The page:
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Galway is the only city in the province of Connacht in the Republic of Ireland. The city is located on the west coast of Ireland.

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    4 Reviews
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      20.07.2008 20:52
      Very helpful



      Fantastic city - go and see for yourself!

      Galway is my favourite city in Ireland. I lived there for 3 years and go back to see family often. To me - it is the most authentic 'Irish' city in Ireland.

      Getting to Galway
      Galway airport is tiny but there are flights from Edinburgh, London (Luton), Newcastle, Leeds & others. The main airline is Aer Arann.


      You can also fly with Ryanair into Shannon and get a bus to Galway with Citylink. The journey time is just over an hour.


      Where to Stay:
      Galway has lots of nice hotels, B&B's and hostels. If you want a luxury experience stay at the G Hotel, The Merrick or the Radisson


      If you want a mid-range experience go for The Parkhouse or Jury's


      And for a budget option go for:


      Where to eat:
      Galway has some fantastic restaurants such as Nimmo's, The Malt House, Oscar's, KC Blakes and Fat Freddy's. Pubs such as The Kings Head and The Front Door also serve delicious pub grub. Galway is renowned for having atmospheric, down to earth restaurants.

      Mc Donagh's fish and chip shop (at the bottom of Quay Street) sell the most amazing mackerel and chips. The best I have tasted anywhere.

      Going out:
      If you want live music go to the world famous Roisin Dubh's where the likes of Damien Rice and The Frames have played. The Kings Head and The Quays also host live bands 7 nights a week. Ti Ceoili's and Monroe's also has traditional music.
      For a more sophisticated experience go to Bazar or The Living Room. If you are a clubber and want downright gritty go to The Blue Note. It is a fantastic pub and hosts some really good DJ's.

      Clubbers - CP's and The Warwick (out of town a bit) have the usual cheesy pop music. The GPO is strictly for clubbers and has really good dance music.

      Galway isn't renowned for its shopping. Shop Street has the usual high street shops, as does The Eyre Square Shopping Centre. Some of the streets off Shop Street have smaller, individual shops and are well worth visiting. If you are fond of Irish products and pottery go to Meadow's and Byrne's and The Kilkenny Shop.

      On Saturday, there is a market. The food sold there is amazing and if you get a chance buy a loaf of herb and onion bread (to die for!!!) and also try a crepe. Local craftwork is also sold there and the atmosphere is really good.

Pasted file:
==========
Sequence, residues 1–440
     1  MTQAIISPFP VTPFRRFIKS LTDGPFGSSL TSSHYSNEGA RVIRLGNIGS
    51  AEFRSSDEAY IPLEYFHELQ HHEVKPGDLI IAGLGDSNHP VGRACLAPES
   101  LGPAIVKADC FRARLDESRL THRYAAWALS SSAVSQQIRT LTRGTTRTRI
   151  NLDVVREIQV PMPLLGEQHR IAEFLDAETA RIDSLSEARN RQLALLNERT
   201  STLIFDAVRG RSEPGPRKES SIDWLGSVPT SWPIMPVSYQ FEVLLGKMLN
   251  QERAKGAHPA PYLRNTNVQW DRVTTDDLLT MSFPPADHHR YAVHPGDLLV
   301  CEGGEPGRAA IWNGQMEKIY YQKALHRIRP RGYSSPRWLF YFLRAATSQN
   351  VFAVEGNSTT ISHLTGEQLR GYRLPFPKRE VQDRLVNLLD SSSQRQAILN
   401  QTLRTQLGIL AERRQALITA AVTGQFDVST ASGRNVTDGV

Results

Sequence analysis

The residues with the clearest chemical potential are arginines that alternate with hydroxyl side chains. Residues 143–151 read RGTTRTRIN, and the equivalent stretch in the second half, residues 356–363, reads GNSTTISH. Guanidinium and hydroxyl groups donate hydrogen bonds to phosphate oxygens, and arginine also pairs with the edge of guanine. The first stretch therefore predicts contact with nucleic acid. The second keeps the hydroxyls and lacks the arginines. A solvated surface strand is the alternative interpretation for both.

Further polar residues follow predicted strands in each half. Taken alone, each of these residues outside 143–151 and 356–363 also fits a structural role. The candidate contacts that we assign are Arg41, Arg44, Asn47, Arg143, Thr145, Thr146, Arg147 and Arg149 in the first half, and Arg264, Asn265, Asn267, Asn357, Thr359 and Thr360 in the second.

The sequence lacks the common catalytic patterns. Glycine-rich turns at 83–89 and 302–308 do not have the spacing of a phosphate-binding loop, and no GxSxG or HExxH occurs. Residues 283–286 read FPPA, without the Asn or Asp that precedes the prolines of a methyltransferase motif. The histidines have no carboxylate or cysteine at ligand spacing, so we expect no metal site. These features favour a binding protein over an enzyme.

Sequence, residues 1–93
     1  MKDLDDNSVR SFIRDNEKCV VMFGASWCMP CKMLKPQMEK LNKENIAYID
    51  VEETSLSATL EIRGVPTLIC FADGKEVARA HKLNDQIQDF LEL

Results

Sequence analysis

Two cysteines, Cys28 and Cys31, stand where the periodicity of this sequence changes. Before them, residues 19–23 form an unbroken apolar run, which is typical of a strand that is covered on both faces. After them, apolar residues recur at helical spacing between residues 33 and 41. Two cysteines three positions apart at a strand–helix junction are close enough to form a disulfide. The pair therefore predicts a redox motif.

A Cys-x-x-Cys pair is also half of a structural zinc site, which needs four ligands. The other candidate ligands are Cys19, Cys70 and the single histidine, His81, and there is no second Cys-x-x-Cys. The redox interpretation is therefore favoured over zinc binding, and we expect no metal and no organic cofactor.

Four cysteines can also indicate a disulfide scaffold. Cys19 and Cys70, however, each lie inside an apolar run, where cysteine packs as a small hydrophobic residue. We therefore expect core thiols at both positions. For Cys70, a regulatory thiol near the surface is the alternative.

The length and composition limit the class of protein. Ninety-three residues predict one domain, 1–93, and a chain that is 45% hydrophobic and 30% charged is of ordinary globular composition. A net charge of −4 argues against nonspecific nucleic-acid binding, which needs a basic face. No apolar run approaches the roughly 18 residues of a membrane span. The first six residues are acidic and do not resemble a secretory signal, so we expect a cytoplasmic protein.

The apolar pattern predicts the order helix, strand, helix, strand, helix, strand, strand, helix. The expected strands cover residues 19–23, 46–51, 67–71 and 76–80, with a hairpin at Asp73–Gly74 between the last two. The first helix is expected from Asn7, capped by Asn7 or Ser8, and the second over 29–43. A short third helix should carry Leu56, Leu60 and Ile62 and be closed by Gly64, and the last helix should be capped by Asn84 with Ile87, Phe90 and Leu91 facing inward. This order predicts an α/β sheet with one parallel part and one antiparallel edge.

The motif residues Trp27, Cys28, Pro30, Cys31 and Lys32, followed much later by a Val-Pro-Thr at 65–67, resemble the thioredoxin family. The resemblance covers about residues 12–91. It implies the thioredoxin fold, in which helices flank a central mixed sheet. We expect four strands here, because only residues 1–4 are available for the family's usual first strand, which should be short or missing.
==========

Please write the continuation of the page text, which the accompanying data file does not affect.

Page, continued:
Things to do:
      Galway has an amazing Cathedral. Salthill is also worth a visit and a walk along the prom is a must on a nice day! Spanish Arch is also really nice and steeped in history. There is also an open top bus that can bring you around, but you will be able to walk to most of the sights.

      If you are in Galway for longer than a couple of days you could go on a tour to the rugged Connemara or take a trip to the Aran Islands where you will hear everyone speaking in Irish.

      Galway - a city for everyone and not to be missed!


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      • More +
        29.04.2008 14:32



        Really Fun humorous way to see Galway

        I wanted to get a bit of an inside scoop on Galway as i am aware it gets tonnes of tourists and did'nt want to fall into any traps. after some research i fould Galway Tours (http://www.galwaytours.ie). They provide walking tours that contain all the normal historical elements as well as more recent events and info on how Galway developed into the cultural centre it is today.
        We also heard some really funny stories as well as some background on some of the longer established family run businesses in the Centre of Galway City including some fascinating background stories on a few Pubs around the town. The guide was from Galway and seemed to have genuine enthusiasm for his home City.If you are heading to Galway City any time soon this tour is well worth Checking out. As far as i know the run nearly year round but check website to be sure.


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        10.06.2003 02:15
        Very helpful